Ovid’s Heroines by James Darnton

Thereby Hangs A Tale Theatre Company

St Michael’s Church

10th June, 2017


Ovid’s Heroines, as the title suggests, resurrects the stories of Ovid’s most interesting female characters in three monologues. These stories speak to the most complex human emotions, and are laden with ever-relevant feminist preoccupation. Milo Morris’s direction sees each monologue surrounded by smoothly choreographed accompaniment, mixing classic Greek dumb show with shades of contemporary dance. He makes the most of his resources and with great capability keeps each monologue from growing stale.


The musical complement of cellist Julia Irvine is a brilliant stroke, giving uncanny accent to the already atmospheric direction. Her eerie strings, coupled with the masked stillness of the unspoken roles, creates impressive dimension in the storytelling.


James Darnton’s adaptation is a sophisticated show of writing, giving accessible clarity to the mythology without losing its depth. He keeps the characteristic sense of sadness pervading the three exiles’ stories and at the same time intersperses comedy. The modernisation of Heroines, however, though often funny, is superfluous at best and awkward elsewhere – keeping its classical setting would have lost nothing.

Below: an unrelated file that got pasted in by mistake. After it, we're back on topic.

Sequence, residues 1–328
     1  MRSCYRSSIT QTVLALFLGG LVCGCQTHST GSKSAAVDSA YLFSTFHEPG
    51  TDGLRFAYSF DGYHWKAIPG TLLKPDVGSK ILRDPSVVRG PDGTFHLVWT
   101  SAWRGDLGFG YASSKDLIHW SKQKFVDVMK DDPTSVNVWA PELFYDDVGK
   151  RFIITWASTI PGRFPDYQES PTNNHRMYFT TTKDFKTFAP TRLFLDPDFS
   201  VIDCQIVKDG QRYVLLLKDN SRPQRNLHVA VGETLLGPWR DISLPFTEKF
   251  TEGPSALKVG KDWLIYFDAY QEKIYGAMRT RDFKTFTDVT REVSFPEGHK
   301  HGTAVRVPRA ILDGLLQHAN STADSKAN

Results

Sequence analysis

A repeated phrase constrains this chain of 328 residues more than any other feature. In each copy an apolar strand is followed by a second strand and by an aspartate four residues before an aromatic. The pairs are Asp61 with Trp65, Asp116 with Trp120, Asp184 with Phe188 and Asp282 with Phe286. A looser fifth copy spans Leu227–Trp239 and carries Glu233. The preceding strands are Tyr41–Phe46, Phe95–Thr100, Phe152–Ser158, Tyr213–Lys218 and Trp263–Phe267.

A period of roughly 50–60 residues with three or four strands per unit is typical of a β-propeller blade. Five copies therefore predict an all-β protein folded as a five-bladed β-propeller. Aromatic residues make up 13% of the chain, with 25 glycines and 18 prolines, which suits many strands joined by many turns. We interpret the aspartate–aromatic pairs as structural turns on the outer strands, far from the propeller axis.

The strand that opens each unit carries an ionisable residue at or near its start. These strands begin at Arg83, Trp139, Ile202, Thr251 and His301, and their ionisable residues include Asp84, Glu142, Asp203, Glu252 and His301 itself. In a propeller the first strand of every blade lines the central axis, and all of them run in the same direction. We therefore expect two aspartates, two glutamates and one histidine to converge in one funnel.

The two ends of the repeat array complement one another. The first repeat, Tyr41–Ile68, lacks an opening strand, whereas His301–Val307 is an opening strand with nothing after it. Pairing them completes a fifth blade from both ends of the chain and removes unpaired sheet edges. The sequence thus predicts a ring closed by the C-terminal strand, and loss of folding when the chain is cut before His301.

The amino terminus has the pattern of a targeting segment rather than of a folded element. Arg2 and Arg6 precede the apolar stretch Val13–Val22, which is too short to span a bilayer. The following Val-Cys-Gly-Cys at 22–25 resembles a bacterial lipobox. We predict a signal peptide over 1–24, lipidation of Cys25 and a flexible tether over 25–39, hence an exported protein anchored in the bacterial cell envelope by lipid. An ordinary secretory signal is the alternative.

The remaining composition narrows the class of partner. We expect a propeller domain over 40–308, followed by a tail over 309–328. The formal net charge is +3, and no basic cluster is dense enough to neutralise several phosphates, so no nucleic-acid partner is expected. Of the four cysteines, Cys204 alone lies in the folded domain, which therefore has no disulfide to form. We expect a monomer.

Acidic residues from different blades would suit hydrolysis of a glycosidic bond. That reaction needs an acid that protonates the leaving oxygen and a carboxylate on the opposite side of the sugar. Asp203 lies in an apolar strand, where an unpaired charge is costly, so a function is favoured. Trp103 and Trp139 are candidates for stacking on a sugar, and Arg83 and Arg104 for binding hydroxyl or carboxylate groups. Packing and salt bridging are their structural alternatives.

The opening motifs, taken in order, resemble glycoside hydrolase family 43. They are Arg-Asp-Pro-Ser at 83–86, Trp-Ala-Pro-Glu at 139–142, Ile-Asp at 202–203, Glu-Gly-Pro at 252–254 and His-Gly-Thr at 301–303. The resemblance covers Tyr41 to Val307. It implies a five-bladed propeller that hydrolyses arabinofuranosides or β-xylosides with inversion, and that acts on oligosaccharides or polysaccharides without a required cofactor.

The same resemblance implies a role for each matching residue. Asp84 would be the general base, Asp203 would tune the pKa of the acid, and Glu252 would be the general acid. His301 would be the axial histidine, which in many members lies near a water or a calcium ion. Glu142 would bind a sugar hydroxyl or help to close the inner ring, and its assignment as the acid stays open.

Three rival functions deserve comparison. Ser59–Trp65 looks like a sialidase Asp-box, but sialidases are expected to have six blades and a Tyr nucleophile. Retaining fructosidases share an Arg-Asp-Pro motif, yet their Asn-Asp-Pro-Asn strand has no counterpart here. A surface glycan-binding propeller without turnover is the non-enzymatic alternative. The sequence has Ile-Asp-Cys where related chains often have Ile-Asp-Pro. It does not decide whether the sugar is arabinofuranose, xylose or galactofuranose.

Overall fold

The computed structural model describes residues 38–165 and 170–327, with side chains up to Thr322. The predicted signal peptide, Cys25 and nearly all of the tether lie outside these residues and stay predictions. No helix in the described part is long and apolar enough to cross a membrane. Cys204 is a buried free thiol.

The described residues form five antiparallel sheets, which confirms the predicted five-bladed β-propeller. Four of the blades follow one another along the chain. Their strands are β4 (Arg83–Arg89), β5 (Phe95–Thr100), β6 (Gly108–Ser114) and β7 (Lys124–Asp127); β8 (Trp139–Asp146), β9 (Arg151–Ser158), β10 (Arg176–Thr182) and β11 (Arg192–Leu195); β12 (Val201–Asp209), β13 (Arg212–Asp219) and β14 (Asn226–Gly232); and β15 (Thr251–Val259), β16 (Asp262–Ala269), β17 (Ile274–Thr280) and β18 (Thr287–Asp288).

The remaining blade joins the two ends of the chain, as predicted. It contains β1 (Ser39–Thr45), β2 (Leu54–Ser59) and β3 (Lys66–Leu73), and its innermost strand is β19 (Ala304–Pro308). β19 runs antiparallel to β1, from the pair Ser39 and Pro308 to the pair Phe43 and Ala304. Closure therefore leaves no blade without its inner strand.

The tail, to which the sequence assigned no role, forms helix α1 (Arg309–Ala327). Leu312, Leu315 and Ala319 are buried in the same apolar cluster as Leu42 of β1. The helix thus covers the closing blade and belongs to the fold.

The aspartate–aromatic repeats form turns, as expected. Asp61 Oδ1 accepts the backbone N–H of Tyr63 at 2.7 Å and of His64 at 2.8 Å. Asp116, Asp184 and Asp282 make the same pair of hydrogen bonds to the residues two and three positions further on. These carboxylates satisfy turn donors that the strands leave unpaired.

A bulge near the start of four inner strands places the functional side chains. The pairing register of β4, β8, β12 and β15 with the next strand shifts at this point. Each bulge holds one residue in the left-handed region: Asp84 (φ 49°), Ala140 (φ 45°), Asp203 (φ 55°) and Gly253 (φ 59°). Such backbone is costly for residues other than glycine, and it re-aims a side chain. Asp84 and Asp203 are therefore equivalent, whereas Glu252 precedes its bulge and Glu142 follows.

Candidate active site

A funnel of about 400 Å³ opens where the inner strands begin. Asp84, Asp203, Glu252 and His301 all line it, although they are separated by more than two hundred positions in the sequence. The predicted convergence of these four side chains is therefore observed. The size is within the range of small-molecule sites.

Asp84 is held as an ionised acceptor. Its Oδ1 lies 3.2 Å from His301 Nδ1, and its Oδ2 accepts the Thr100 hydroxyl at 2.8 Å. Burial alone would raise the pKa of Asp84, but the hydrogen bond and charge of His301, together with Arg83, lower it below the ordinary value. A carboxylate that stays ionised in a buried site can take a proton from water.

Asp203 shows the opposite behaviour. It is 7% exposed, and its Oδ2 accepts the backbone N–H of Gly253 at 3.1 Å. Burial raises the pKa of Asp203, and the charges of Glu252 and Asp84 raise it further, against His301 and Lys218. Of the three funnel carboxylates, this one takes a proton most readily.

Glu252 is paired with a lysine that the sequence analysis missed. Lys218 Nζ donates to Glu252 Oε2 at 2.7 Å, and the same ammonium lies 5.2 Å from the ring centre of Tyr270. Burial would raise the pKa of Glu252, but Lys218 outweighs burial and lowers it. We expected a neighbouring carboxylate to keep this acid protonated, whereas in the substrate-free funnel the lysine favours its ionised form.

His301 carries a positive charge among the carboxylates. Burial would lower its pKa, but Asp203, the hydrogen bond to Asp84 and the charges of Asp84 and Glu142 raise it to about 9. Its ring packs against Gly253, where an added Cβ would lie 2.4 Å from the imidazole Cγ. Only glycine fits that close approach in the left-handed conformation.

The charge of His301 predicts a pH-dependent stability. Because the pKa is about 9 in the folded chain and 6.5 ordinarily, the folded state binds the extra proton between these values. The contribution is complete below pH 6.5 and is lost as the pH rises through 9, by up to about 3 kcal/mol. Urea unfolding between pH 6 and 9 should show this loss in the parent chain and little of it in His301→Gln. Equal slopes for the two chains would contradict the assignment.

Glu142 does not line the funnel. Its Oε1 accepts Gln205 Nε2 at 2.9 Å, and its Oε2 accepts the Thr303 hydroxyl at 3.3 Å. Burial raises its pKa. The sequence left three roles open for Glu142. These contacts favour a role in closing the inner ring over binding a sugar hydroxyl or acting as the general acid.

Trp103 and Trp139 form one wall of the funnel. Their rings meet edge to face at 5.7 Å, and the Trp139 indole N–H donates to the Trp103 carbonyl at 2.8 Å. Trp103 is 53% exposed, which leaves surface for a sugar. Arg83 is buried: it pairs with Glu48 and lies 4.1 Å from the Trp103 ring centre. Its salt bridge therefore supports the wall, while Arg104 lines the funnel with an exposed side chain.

The heroines themselves are played by three talented actresses bristling with promise. Kat Rose is perfectly attuned to the pathos of Ovid’s Ariadne and spins a personal sense of melancholia, whilst Fionnuala Donnelly brings out the bitter notes of comedy which characterise Hypermestra’s story. Though the last monologue’s pacing drags a little, Natasha Du Prez’s Medea was an accomplished emotional performance which kept up momentum throughout.


A certain allowance of rust must be taken into account in an amateur production, nonetheless Ovid’s Heroines is a mature piece of theatre which maximises its resources to bring a highly interesting body of work to life.



**** – 4 Stars



Joshua Lambert